traditional neoclassical theory of externalities is so, this paper tries to find out why housing co-
obviously not suitable to regard the complexity of operatives and externalities are apparently closely
a co-operative. However, a contribution to further connected. Finally, the consequences of the co-
development could possibly be made by game op's externalities for housing policy are discussed.
theory. As shown in a multiplayer, infinitely
repeated game dilemma situation, housing co- II. Externalities
operatives signal a credible commitment for co-
operation and could build a reputation as Regarding public debates, the term "externality"
pioneering investor – based on the assumption is used quite heterogeneously. Even in economic
that the other protagonists actually know about literature various definitions can be found,
their specifics. An improvement of public accenting different characteristics of this matter.
information regarding housing co-operatives A popular definition is given by Fritsch (2011,
therefore is recommended. 80). According to this definition an externality
generally occurs in cases when the utility - or

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profit function of a protagonist A (UA) contains connections between the utility-or profit functions
at least one variable (Y) that – apart from his own of different protagonists which are not adequately
action parameters (X1A, X2A, ..., XiA) – is not considered by market mechanisms (e.g. a firm's
(completely) controlled by A but by one (or air pollution causes health problems in the
several) other protagonists. Therefore, in the case neighborhood).
of an externality we obtain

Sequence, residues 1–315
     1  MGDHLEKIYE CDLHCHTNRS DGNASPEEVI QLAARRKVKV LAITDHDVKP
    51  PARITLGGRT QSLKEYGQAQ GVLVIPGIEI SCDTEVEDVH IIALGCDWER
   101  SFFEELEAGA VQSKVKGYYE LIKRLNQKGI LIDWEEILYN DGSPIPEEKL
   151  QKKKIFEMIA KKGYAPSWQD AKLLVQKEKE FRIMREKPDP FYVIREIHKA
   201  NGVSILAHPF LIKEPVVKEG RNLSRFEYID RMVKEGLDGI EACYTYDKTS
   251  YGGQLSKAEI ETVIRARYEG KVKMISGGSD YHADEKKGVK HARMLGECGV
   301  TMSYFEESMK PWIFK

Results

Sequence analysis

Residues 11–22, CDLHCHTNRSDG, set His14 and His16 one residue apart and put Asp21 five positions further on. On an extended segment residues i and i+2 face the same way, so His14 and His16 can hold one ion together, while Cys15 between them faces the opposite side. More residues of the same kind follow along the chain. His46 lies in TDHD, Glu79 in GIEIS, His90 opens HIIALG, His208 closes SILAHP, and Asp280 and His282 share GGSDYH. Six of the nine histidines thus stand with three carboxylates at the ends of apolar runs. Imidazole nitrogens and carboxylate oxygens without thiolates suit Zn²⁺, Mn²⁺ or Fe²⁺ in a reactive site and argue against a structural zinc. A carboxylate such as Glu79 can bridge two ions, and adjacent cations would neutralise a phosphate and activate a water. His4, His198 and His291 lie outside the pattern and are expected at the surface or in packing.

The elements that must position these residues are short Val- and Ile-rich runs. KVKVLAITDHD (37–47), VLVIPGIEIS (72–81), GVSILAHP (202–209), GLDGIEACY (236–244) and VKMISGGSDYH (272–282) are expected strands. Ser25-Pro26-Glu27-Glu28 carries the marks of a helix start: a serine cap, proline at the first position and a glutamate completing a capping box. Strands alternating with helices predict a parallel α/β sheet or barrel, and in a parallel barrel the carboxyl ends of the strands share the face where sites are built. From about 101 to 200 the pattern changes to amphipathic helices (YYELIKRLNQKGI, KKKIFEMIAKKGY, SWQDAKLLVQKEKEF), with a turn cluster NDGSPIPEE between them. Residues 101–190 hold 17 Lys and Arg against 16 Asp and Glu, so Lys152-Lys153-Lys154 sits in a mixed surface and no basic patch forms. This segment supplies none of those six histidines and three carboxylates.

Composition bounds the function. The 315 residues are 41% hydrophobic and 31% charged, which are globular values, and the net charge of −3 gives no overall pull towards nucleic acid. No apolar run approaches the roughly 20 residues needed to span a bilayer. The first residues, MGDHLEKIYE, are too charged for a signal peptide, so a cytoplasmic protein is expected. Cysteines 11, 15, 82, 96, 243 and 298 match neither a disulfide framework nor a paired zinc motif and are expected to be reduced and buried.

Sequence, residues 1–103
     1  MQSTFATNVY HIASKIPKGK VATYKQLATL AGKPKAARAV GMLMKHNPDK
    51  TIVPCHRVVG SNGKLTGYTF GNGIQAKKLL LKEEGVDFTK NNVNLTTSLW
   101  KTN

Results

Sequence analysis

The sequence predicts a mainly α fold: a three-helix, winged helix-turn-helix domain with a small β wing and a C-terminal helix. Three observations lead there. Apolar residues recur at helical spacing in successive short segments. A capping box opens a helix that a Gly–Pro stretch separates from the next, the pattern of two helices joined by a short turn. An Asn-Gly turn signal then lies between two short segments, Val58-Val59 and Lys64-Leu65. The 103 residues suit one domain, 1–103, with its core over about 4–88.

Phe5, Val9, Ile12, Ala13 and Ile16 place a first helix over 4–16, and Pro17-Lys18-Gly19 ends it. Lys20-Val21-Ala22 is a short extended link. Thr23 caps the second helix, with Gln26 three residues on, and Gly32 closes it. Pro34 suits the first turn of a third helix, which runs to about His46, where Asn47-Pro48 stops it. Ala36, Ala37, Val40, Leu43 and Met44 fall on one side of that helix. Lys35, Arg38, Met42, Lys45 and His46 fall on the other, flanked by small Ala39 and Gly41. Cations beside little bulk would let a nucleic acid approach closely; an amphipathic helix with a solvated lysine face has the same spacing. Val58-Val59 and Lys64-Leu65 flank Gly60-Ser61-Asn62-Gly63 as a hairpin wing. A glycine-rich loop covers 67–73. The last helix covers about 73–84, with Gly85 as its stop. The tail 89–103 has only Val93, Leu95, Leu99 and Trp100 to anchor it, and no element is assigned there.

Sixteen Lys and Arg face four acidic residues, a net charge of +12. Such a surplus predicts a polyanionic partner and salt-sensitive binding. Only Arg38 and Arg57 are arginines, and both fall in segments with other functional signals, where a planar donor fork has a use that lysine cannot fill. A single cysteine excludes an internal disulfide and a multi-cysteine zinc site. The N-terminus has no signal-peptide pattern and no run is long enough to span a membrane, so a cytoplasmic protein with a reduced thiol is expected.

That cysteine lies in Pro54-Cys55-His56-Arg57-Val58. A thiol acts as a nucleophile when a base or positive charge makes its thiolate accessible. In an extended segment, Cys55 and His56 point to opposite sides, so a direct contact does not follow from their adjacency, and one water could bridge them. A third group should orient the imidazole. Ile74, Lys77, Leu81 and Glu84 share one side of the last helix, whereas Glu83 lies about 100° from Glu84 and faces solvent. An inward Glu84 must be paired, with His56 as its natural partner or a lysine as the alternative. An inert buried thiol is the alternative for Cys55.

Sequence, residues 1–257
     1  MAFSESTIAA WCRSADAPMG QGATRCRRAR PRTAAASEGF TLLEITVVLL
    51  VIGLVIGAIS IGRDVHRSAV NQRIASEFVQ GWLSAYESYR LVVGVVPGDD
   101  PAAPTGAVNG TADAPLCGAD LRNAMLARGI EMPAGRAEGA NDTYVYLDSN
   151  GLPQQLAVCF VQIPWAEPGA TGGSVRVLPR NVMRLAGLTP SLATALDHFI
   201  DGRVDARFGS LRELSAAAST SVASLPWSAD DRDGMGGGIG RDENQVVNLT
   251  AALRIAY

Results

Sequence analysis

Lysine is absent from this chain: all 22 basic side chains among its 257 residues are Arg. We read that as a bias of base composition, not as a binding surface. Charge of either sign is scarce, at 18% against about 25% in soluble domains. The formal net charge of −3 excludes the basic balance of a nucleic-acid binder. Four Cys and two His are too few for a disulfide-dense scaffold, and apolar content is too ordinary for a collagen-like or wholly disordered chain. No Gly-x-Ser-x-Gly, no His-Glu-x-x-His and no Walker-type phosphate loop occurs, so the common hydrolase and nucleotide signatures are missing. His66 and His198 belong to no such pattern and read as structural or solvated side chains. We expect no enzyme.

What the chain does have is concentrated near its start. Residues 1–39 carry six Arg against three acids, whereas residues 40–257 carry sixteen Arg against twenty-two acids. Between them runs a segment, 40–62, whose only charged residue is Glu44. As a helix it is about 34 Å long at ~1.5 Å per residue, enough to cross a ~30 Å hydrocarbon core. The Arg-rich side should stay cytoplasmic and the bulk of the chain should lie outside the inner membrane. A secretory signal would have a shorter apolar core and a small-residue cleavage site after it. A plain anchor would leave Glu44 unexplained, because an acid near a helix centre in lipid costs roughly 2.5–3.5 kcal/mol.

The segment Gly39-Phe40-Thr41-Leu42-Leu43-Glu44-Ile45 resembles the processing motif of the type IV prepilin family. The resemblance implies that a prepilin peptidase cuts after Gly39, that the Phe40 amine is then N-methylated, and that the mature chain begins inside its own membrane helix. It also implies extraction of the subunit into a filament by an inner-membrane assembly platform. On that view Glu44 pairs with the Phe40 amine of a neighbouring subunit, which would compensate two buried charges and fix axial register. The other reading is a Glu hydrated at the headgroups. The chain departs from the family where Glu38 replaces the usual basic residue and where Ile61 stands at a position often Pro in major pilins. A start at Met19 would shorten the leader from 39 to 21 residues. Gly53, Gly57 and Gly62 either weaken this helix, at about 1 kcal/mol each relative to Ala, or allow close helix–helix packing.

Finally, psychological externalities occur, when
UA = UA (X A, X A, ..., X A, Y).
1 2 i
the utility level of a protagonist is influenced by
a third party without a physical connection, or a
Mankiw (1999, 219) defines externalities market-based relationship (e.g. a person envies
similarly as an impact of economic activity on the his neighbor's new swimming pool). In contrast
welfare of an uninvolved third person. With to pecuniary externalities, technological (and in
regard to the externalities of co-operative housing some cases also psychological) externalities are
discussed later, Kruse et al. (1996, 181) illustrate crucial factors of market failure (Fritsch, 2011,
an interesting point: According to their definition 81). As a result, the usually Pareto efficient,
an externality occurs if the action of a protagonist marginal cost pricing rule – marginal benefit
directly causes costs or benefits for other (price) equals marginal costs – produces "wrong"
protagonists which are not adequately considered outcomes, which means inefficient allocation of
in the decision calculus (utility-or profit function) prices and quantities.
of the originator. Consequently, the misallocation
of external costs or benefits is constitutive for an III. Externalities of the Housing Market
externality and the actual reason for market
failure. All real estate students learn soon, that
externalities are also an important characteristic
In Economics, the theory of externalities was of the housing market (e.g. Kühne-Büning et al.,
primarily evolved by Arthur Cecil Pigou (1877- 2005, 79). Dwellings are part of an urban
1959), the famous neoclassical economist, settlement. Their occupation affects the
regarding – according to his Marshallian neighborhood (Expertenkommission Wohnungs -
Cambridge tradition – divergence between social politik, 1995, 54).
and private yields as being responsible for
shortcomings in market performance (Cansier, In this context externalities may cause serious